Rearranging My Classroom…a’la Apple Store

I teach high school English, so my room is typically set up in a horseshoe-type design to help facilitate discussions, since that is a main component of my curriculum.  I have tables, not desks, so it’s a little different from the typical classroom.  While this set-up worked well last year, I was a little concerned how this would work while using the iPads this school year.  It was truly one of the first things I thought about when I knew I would be getting them; what would be the best set-up while using the iPads?  I wanted something that would best support the student collaboration I envision when I introduce the iPads to my students and they are using them each day.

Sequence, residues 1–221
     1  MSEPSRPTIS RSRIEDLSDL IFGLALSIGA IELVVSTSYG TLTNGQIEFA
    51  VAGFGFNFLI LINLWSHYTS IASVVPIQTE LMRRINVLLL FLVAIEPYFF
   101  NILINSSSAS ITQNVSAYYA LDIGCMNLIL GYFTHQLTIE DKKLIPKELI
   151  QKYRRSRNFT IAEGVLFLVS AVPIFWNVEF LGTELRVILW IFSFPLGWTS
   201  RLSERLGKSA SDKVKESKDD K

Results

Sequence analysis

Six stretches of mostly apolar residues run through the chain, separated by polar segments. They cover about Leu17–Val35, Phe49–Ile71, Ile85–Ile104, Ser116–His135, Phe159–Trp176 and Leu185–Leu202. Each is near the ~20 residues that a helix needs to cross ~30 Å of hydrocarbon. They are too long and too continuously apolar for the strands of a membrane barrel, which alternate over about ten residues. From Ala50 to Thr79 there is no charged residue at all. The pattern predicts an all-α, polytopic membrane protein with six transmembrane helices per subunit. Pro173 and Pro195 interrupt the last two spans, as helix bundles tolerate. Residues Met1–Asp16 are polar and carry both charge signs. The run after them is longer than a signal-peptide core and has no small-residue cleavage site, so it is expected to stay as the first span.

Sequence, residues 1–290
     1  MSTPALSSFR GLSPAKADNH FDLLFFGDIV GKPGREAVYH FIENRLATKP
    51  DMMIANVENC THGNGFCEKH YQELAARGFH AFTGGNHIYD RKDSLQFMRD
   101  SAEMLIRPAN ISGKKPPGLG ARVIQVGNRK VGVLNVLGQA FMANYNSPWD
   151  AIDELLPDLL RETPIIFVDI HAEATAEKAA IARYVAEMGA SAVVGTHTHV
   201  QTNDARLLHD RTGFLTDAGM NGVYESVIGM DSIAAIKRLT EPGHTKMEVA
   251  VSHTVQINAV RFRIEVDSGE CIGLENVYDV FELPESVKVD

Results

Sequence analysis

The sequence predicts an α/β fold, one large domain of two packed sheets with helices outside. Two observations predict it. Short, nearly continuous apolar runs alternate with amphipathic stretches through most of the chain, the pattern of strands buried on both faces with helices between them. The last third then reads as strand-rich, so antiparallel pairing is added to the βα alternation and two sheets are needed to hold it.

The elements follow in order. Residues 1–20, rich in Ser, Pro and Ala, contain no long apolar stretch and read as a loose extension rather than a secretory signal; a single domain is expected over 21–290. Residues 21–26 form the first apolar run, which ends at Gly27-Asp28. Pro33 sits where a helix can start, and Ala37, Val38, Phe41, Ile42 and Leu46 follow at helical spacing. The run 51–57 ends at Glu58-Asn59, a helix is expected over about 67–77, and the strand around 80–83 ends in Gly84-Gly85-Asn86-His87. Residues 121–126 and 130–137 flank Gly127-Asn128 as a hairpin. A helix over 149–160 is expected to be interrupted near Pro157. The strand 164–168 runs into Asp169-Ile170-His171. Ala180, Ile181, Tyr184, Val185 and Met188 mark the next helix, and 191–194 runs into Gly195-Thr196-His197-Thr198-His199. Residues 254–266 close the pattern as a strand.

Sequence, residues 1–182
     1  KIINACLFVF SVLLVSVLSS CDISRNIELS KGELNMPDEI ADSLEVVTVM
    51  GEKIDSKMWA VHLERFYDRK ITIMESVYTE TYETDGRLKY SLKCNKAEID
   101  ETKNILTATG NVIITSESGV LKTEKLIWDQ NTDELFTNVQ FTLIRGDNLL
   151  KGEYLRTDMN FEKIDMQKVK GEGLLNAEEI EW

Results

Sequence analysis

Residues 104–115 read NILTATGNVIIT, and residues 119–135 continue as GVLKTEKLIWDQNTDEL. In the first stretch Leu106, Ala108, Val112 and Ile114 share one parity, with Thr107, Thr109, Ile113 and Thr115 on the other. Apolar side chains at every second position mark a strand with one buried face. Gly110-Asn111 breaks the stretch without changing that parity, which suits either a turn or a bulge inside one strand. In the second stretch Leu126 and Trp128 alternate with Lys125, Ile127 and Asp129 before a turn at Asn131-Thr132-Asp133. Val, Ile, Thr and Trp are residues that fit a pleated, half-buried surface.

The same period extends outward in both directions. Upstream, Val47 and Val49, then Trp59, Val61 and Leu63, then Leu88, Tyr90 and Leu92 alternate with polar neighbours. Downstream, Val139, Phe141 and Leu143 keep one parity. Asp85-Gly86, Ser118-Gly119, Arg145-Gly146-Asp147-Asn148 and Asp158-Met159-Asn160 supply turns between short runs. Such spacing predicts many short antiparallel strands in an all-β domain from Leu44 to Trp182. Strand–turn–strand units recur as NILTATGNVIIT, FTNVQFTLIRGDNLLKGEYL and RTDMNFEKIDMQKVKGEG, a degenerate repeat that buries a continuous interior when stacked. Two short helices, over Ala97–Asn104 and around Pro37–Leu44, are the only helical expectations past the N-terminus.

Having said this, I was on Twitter one day and found a blog post about the advantages of setting up a classroom like an Apple store.  And do you think I can find that blog post now?  Of course not!  But I swear I read it and having had just been at the Apple store in Legacy Village in Cleveland, I had a picture in my mind of how I wanted my room (wish I had the millions Apple spends on its stores to make them so pretty!).  There were stations located around the store at which six people could explore different Mac Books and iPads.  I went to an iPad workshop there in the summer, and having six people sitting around one table allowed for good discussion and collaboration, but it was not chaotic because of the small number of the group.  So, I decided to follow this concept in my own classroom.  I put two tables together in each group which allows for four to five students to sit together, work together and learn together.  It was not rocket science, but it was a welcomed change and the lay-out allows for me to walk easily between the desks so I can monitor and talk with the students as they work.  It may not seem like a huge deal, but I feel this format will help the students get the most from their experience with the iPads.  Now, if I could just find that original blog post that gave me the idea in the first place…